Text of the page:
Build Your Business:

How To Create A Social Media Content Calendar

Find out the starting steps of creating a monthly schedule of posts across all of your channels.

By Deborah Sexton, Contributing Writer

January 12, 2021

Last month, I explained all the reasons why you should use a monthly calendar to plan and publish to social media. This month, I begin to outline a strategy and tips on how to do it.

Your social media calendar can be created on a daily, weekly, monthly or even yearly basis. The main goal is to work ahead. Don’t wait until the morning of the day you want to publish.

There are apps and services, free and paid, that offer templates and tools to help you get started. It will come as no surprise that most of the free tools are hosted by companies that also offer paid services. But by trying out some of the free versions, you get a feel for what the job requires, and learn which features are most helpful and worth paying a monthly fee to use.

You can find them by simply Googling “free social media content calendars,” but I’m listing a few below for reference. In some cases, you will have to give them your email address to get the free downloadable template.




You also can create one as a Google or Microsoft Excel spreadsheet. The Hootsuite template is created in Google sheets and provides a good example if you’d like to create your own. The advantage of having the spread sheet online is that multiple people can edit it so it’s a real-time document.

Each business will have different techniques or workflow that will impact what your content calendar tracks. The companies that offer paid services have tabs to enable you to switch back and forth to multiple screens documenting different things.

Paid calendar content services allow you to track more information. If you have a full team simultaneously working on social media, these will be highly beneficial. For one or two people just getting started, a spread sheet will work.

Here is a rundown of some of the basics you want to include. I recommend looking at the different types of free calendars online to help you decide what you want in yours.

You should have a column in which you will vertically list each platform or channel you want to include, for example, Facebook, Instagram, Twitter, etc. Next to that is a column for the date of the post and a separate column for the time. For channels where you might post three times a day—breakfast, lunch and dinner—the time will matter.

I highly recommend scheduling posts in advance, that will be another article, but another reason why you need to decide on a time.

The next column should be the content type. This might be a video, blog, promotion, curated (meaning you are sharing content from another source), or evergreen. Evergreen content is something that will always have a sustained level of interest. So anything seasonal, trends, news, etc., is not evergreen. Generally, it is tips or advice that never gets outdated.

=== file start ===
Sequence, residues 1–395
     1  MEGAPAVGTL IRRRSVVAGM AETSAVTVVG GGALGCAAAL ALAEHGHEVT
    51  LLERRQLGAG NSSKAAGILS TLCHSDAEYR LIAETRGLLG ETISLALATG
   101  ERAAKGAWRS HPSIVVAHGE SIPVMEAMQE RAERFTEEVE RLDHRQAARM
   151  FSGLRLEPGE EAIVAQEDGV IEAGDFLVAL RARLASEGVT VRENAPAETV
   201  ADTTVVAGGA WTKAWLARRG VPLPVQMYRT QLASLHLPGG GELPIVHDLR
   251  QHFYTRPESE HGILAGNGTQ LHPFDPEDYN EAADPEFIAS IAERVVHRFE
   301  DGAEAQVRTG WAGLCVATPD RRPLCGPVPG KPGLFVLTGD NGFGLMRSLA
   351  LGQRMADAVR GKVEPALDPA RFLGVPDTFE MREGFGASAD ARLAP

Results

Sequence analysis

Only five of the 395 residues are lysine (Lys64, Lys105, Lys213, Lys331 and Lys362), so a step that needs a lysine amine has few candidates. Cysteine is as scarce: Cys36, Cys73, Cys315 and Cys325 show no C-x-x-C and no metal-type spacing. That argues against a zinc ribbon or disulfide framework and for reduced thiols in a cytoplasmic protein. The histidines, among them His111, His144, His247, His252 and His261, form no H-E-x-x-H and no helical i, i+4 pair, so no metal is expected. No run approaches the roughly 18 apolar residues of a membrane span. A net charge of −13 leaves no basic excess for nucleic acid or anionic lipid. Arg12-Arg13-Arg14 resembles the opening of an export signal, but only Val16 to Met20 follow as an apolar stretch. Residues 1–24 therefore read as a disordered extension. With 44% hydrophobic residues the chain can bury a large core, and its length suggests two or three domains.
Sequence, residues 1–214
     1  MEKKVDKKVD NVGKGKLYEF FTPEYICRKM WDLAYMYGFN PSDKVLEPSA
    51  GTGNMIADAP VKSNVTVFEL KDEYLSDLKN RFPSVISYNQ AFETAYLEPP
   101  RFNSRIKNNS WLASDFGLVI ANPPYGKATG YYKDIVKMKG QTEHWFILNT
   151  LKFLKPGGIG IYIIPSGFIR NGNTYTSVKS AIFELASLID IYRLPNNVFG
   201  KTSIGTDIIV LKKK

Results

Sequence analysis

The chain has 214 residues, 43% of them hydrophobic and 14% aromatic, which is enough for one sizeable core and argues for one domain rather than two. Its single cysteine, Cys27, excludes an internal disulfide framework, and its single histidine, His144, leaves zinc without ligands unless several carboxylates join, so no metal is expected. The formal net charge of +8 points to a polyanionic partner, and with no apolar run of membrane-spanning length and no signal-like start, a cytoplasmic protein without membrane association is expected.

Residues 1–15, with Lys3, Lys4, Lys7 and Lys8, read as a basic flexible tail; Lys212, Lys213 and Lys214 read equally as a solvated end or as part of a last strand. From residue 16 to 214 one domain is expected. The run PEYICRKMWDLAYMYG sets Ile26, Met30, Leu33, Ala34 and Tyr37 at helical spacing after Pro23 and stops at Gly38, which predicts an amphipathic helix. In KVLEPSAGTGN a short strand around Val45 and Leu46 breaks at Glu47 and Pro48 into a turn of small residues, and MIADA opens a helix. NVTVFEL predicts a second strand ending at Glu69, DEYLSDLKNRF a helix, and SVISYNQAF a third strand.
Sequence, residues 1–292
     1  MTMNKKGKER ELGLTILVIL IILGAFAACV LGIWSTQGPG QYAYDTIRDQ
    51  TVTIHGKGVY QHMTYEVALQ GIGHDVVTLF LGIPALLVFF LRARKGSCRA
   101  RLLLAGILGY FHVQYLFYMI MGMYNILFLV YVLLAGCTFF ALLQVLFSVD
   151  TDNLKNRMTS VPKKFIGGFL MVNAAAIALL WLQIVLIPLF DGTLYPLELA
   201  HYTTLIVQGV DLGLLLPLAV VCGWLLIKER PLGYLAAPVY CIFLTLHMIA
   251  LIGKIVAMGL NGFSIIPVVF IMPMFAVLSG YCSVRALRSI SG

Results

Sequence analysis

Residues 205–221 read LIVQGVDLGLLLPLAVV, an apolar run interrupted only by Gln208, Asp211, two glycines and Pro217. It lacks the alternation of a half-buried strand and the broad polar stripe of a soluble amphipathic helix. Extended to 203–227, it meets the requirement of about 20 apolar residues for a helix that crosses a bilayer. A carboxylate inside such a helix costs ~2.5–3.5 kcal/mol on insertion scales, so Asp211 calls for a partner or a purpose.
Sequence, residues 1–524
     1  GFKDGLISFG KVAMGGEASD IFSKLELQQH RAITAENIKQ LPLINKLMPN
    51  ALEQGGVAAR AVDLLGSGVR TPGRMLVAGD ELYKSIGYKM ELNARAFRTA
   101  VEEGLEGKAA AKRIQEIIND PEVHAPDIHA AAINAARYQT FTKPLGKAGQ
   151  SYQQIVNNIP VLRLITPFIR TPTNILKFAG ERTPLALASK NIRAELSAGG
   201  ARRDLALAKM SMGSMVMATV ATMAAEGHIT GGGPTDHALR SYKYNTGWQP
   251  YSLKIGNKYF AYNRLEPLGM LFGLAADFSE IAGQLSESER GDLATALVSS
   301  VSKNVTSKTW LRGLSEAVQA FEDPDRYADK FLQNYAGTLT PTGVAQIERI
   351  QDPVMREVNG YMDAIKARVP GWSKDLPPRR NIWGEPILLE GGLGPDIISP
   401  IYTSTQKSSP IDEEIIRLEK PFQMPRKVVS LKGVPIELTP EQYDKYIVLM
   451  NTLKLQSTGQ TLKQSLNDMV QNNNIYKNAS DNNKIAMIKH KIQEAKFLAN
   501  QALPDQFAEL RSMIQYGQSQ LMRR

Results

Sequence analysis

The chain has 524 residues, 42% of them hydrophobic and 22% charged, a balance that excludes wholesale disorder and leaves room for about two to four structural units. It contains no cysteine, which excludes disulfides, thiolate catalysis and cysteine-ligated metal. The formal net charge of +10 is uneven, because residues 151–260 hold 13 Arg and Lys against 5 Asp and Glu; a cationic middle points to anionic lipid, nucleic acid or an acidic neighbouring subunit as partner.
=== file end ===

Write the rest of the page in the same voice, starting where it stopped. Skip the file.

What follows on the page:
Some examples of evergreen content would be:
“How To Choose The Best T-Shirt To Promote Your Business”
“Five Ways to Save Money on Your Next T-Shirt Order”
“How To Raise Money For Your School or Team”

The next column is the topic of your content. This also might be the headline. So using the examples listed above this might be: “Choosing T-Shirts,” “Five Ways to Save Money” or “School/Team Fundraising.”

The column next to topics is the actual copy. If it’s long, you might put the file name of the document the copy is on. If your post involves including a link, put the link in the next column, and finally have a column for notes.

Now that you’ve got a blank spread sheet, you can start filling in your calendar.

First, pick which channels you want to include. If you are just getting started, I recommend only choosing one channel. Establish a solid workflow for posting to that channel before tackling another one.

Within that channel, I recommend auditing your own page(s) if you have any, and I’d check out a few of your top competitors as well. Social media auditing is another article, but in a nutshell, you want to list what types of posts did well and which did not. Obviously, don’t keep posting topics that are being ignored.

I also suggest creating a folder to store social media assets. This will include photos, links to content you want to share, blogs, anything you will want to use for content. If the folder will be used by more than one person, it should be accessible to everyone.

Hand in hand with creating your calendar should be establishing a workflow. Set up a checklist of what needs to be done and who’s going to do it. Also set deadlines for assignments. This will be especially critical if one person, perhaps a copy writer, is waiting on another person, the photographer, to start his or her part of the process. Deadlines ensure scheduled posts are created in an orderly manner and get published on time.

If you want to tap into the power of social media marketing, the only way to give it a fair chance is to have regular, consistent content. You need engaging, informative posts on your page, whether or not you plan to boost your exposure with advertising. A social media content calendar is the best way to get this done in an efficient, quality manner.

Next month, I’ll go deeper into discussing what categories or buckets you want to establish for your business with ideas on how to fill them.

Deborah Sexton is the former editor of Impressions Magazine, where she worked from 1981 to 2001. She now owns her own company, Saracen Communications, doing digital media marketing, copywriting, and public relations for companies in the decorated apparel industry. You can reach her at